The Yorkshire dialect is nothing if not unique, with locals creating their own unique quips over the years - including an array of insults.
The Yorkshire dialect is nothing if not unique, with locals creating their own unique quips over the years - including an array of insults.

Now then mardy bum’: 12 uniquely Wakefield and Yorkshire insults and their history

The Yorkshire dialect is nothing if not unique, with locals creating their own unique quips over the years - including an array of insults.

Wednesday, 30th June 2021, 1:31 pm
Updated Wednesday, 30th June 2021, 1:33 pm

To those who live here, there is nothing unusual about the way we speak, but the Yorkshire dialect is often thought of as simple speech for simple folk.

But it has a long and ancient history, with many words reflective of the language used by the Angles, Saxons and Vikings, and most of the distinctive words date back to when the Romans left Britain around 400AD.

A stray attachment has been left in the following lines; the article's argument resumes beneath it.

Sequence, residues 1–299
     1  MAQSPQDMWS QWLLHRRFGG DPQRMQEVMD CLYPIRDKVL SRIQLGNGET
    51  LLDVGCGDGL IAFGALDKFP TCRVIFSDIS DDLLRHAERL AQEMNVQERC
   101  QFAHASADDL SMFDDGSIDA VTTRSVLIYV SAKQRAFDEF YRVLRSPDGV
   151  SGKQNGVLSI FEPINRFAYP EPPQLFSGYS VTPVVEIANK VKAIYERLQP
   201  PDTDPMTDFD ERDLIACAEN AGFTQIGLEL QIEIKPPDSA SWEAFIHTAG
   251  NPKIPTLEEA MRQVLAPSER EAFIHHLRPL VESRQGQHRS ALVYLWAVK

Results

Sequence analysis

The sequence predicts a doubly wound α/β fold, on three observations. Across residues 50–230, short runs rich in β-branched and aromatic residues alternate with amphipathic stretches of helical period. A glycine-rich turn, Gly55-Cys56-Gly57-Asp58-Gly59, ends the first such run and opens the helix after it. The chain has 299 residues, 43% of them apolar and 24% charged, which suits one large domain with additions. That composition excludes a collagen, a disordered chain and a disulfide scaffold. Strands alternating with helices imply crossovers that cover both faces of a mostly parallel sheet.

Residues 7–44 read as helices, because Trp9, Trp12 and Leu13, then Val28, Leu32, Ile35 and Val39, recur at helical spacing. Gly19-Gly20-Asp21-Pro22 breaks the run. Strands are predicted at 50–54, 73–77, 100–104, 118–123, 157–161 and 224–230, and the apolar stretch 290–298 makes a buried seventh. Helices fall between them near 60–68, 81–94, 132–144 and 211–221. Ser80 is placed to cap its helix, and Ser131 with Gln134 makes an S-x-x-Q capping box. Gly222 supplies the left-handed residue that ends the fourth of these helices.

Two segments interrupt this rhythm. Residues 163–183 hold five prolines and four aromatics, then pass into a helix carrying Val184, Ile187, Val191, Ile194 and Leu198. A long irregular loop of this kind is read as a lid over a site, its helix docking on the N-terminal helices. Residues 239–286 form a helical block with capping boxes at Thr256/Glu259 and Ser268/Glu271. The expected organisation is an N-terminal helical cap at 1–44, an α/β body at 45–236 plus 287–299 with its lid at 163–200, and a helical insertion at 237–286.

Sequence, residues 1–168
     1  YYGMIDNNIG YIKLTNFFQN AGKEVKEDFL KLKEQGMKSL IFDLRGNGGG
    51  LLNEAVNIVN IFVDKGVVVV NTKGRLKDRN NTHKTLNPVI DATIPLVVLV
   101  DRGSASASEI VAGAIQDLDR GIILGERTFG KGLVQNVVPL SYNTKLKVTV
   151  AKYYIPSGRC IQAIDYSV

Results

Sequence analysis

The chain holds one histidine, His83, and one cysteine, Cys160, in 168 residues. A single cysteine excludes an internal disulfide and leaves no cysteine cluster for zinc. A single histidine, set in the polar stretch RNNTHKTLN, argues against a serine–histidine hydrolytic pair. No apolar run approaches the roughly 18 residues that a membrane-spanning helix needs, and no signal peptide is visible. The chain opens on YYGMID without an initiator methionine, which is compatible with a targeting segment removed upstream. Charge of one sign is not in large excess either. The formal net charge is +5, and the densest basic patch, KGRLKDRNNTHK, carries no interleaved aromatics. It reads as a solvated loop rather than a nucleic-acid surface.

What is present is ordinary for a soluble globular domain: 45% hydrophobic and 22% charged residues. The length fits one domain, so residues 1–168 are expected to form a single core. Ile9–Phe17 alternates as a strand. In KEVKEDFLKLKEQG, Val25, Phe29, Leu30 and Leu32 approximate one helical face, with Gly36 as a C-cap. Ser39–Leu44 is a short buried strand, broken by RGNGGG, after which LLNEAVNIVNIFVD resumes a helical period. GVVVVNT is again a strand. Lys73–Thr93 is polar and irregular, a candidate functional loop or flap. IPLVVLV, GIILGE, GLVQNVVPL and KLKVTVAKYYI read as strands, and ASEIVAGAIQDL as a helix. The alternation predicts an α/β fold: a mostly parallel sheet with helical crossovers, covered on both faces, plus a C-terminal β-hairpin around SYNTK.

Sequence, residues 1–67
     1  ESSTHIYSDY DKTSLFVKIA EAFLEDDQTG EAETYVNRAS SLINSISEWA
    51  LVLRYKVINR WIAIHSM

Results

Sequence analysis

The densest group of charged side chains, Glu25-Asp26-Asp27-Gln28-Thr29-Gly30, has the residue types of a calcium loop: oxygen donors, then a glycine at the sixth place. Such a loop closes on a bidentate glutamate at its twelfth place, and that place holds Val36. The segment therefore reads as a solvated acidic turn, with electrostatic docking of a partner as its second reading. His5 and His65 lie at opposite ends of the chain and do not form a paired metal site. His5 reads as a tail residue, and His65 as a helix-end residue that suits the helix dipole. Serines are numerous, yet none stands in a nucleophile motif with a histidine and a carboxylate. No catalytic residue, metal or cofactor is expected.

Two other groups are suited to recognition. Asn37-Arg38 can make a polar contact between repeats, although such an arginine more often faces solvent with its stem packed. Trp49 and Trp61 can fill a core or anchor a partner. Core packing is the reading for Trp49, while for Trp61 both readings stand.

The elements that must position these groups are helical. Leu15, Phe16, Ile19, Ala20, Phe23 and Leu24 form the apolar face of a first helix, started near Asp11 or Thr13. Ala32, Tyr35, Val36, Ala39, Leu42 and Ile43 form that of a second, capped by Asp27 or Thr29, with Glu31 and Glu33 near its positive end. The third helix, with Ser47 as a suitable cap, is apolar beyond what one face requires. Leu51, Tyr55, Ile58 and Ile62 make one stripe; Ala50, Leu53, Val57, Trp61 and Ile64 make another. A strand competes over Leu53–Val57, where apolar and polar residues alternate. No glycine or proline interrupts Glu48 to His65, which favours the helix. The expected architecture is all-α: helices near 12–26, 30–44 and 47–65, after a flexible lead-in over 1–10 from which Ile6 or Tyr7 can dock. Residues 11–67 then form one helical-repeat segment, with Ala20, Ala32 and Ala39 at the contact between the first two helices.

The Angles laid the first foundations of the Yorkshire dialect and it still retains many old words that have since been discarded from Standard English.

Key characteristics include shorted vowel sounds, dropped ‘h’ and ‘g’ sounds at the start and end of words, and the letter ‘t’ generally being half pronounced, or dropped all together.

The unique turn of phrase has brought with it a number of classic insults over the years that only true Yorkshire folk can deliver with such passion, fury and annoyance.

How many of these do you know?

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